TikTok ban in Montana, U.S. may be timely, but not necessarily constitutional
The software may already be ubiquitous on the web
Photo illustration. (Photo by Kevin Frayer/Getty Images)
It didn’t start with Elvis, but he and his hips didn’t help.
The federal government has been pushing back against the First Amendment almost since the time it was established, including when it tried to jail early political dissenters and publishers by passing “seditious libel” acts. Then, the federal government jailed journalists who disagreed with the Civil War. Later, puritanical politicians fretted about pornography being sent through the mail during the Victorian era.
So it’s not surprising to experts who study media, law and the First Amendment that elected leaders on both the state and federal level want to ban TikTok, the popular social media app that is based in Singapore, but whose parent company, ByteDance, has ties to the Chinese communist government. Security officials have warned that China may be harvesting personal information, including tracking movements of individuals, in order to weaponize and use it against citizens.
While none of those predictions have come to fruition, the apprehension is so widespread that state governments have rushed to ban the app on electronic devices controlled or paid for by the government, out of concern that just the app may be designed to spy on other electronic activity and transmit to a third-party. On Monday, Belgium announced that it was instituting a temporary ban on the app for government-owned devices, similar to those implemented in the U.S.
As Congress considers a wider ban of the app, Montana has already booted TikTok from all state devices, but now state lawmakers want to take it one step further and outlaw the app from any device anywhere in the state. House Bill 419 would punish any “app store” or provider that allows access to TikTok to be fined as much as $10,000 per incident anytime a resident accesses the app. The language of the bill, sponsored by Sen. Shelly Vance, R-Belgrade, would hold the technology companies responsible for what their customers access.
Yet public officials and experts in the First Amendment argue whether such a ban on items would even be possible, let alone legal.
Ban presents technological nightmare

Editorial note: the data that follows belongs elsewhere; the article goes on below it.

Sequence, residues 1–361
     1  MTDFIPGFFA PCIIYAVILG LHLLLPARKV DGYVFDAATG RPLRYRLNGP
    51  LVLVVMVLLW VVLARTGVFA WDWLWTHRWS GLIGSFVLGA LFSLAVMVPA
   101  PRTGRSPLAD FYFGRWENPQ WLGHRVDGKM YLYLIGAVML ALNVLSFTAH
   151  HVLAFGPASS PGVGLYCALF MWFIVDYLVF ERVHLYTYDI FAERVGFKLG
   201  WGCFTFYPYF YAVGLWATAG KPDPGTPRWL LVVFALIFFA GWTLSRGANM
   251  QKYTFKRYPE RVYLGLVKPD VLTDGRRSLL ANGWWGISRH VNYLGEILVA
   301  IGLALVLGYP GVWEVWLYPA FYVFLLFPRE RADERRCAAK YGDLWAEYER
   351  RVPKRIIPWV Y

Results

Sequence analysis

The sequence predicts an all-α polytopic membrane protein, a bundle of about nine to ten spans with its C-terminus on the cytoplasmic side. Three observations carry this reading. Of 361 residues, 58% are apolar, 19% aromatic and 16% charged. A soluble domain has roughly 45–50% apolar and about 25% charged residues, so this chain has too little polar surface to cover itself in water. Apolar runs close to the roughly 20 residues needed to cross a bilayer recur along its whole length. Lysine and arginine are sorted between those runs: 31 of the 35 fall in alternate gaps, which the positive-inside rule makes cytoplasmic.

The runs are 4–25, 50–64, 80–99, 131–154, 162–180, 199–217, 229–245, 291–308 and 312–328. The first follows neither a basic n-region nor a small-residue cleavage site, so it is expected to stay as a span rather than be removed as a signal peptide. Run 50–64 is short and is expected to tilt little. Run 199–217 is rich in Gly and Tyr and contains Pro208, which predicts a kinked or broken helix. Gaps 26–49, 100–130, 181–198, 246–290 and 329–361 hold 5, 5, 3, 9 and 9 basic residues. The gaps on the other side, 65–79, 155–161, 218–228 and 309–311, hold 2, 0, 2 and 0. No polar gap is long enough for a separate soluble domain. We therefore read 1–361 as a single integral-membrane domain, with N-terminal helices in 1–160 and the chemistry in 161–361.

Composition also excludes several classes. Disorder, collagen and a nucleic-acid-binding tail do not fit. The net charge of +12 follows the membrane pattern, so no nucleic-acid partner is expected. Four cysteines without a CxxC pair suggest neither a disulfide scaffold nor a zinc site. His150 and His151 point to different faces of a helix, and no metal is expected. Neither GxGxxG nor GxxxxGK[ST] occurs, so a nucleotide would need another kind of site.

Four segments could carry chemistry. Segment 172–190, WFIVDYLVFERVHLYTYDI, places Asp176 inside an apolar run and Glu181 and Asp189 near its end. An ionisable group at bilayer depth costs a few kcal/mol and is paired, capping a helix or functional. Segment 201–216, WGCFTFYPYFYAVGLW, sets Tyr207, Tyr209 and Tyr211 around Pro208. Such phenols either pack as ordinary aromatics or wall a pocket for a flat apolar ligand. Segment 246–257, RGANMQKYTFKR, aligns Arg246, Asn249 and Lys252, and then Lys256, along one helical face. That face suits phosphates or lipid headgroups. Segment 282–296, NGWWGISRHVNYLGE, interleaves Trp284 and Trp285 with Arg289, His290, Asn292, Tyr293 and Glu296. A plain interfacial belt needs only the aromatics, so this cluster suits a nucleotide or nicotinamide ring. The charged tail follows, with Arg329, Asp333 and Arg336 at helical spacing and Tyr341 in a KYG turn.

Montana House Bill 419 doesn’t ban residents from using TikTok, it bans application distributors and internet providers from providing it, shifting the onus from the individual to companies.
However, the legislation raises several tricky, thorny technical issues, for example, how would a resident who has an out-of-state telephone number, registered with a service in a different state, be treated inside Montana? And, what happens when a resident using a non-Apple device can download an app not directly through an app store, a process known as “sideloading?” What about virtual private networks, or VPNs?
More than that, other challenges persist. For example, an article published on Gizmodo, an online site that focuses on the tech industry, notes that it found 28,000 apps that send TikTok data, concluding that “banning the app won’t help.” The article goes on to point out that even with an all-out ban on the app itself, routine tracking software embedded in many different applications that interface with TikTok still regularly sends information back to TikTok.
“The problem is now becoming even if you don’t have it, you have its software,” said Kevin Goldberg, an expert on the First Amendment with the nonpartisan Freedom Forum. “Banning it obviously isn’t going to solve the problem.”
App developers use “Software Development Kits” that help other apps and programmers write programs that interface with large, powerful applications like TikTok. Those kits usually track a variety of user-based behaviors, including what content they like, where they’re going, and TikTok’s are used in a variety of popular applications, including Trivia Crack, Mobile Legends: Bang Bang, and photo editors like Canva, according to Gizmodo.
Through a spokesperson, TikTok also said one of the downsides to banning TikTok in America is that the popular app has more than 1 billion users across the globe, and many interact with America, its culture and trends through application.
First Amendment concerns
Most of the objections to the popular app are based on reports of personal data being sent back to China. Security experts warn the information that is collected could make Americans more vulnerable to any number of concerns from hacking to misinformation or disinformation, especially during elections.
Other concerns about government censorship have been raised about the application that channels short videos to users. However, banning an entire app raises serious First Amendment issues because it’s tantamount to government censorship, civil liberties advocates warn.
The First Amendment protects freedom of speech, but also the freedom to communicate broadly without government interference. When any government – federal or otherwise – wants to curb that speech, it’s usually subject to heavy or “strict scrutiny” and must prove that if a restriction “chills” or stops speech, that the government must do it in the least restrictive way as possible to achieve its means. Experts say that an outright ban of the application not only raises serious First Amendment issues, but would likely be challenged nearly instantly in court because banning the app would be so sweeping.